To use your loaf pan as a soap mold, first chose the container you would like to use. Make sure it is clean and dry. If the pan is silicone, you can pour the melted soap base directly into it. Line rigid containers with freezer paper to make removing the hardened soap easier. Pour the melted soap into the container and set it on a firm surface to harden.

Click here to see glass loaf pans available on Amazon.

At times you may want a shape other than a slice or bar. Think creatively when looking at containers you may have in your home that can be used as soap molds. Some other molding soap options include silicone baking cups or pans, food storage containers, shoe boxes, and milk cartons.

These silicone baking cups would make perfect molds for small soaps.

Click here to find them on Amazon. 

If you have a set of food storage containers of various sizes, you can make many different shapes and sizes of soaps. This set would give you options for round or bar-shaped soaps.

Click here to find this storage container set on Amazon. 

How Big Is A Soap Loaf?

Soap loaves can be made in many sizes. The size of the loaf will determine how many individual bars can be cut from it. A one-pound loaf pan will generally yield four slices of soap. If you are making large batches, you may want a larger loaf that will give more slices. This article at Natural Soap Wholesale gives information regarding loaf sizes and how many slices to expect based on the size.

Can You Make A Mold Out Of Household Items?

You can make a mold out of many different household items. Plastic containers, loaf pans, food storage containers, cleaned food cans, and silicone bakeware make great options for soap molds. Just follow the rules above regarding heat safety and materials when choosing a container for a mold. Remember that after the soap is hard, you need to remove it. Flexible molds make this easy, but for rigid molds like glass or stainless steel, use a freezer paper liner to help you remove the hardened soap.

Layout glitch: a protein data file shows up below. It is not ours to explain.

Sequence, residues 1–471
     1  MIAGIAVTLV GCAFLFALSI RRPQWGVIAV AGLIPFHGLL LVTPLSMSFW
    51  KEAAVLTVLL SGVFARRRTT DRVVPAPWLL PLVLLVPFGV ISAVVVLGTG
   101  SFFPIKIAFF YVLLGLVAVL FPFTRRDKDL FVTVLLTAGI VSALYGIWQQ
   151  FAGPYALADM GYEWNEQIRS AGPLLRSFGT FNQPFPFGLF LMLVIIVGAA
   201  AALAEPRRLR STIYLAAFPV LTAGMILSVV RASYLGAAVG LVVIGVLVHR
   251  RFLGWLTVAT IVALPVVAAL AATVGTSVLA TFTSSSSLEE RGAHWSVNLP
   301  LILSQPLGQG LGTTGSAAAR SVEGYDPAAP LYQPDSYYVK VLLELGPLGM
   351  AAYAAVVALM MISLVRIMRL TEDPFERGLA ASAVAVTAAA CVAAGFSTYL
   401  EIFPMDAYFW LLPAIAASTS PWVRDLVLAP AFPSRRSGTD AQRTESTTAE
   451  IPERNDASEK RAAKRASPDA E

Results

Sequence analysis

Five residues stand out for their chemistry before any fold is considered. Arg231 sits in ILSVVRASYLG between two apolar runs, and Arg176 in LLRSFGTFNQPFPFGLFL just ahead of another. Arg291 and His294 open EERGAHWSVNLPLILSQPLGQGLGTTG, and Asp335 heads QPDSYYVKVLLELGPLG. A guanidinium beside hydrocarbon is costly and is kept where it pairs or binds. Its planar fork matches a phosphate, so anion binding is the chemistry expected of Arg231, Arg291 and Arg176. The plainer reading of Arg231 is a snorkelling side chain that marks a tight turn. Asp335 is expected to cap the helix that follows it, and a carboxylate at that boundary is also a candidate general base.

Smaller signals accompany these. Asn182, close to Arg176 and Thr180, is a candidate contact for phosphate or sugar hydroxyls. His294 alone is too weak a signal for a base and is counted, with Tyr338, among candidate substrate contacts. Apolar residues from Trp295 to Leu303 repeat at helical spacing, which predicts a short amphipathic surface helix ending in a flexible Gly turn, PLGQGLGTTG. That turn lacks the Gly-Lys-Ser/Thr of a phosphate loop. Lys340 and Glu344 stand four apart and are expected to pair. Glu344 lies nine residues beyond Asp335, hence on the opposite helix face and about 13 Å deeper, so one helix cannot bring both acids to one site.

Once you have found a heat-safe container in the desired shape, you are ready to mold. If the container is rigid, line it with freezer paper to aid in the release after hardening. Melt your soap base and pour it into the container. Place the container on a level surface and let it sit to harden. Do not move the container until the soap is hard. Once completely hardened, remove the soap from the container.

This clever YouTube video shows how to use a Pringles container as a soap mold.

How Do You Keep Soap From Sticking To A Mold?

Once your soap has hardened and is ready to release from the mold, you can slide out easily. Soap that sticks is frustrating, and you can damage the soap, trying to remove it. Silicone molds work very well for easy release as they can be peeled away from the soap.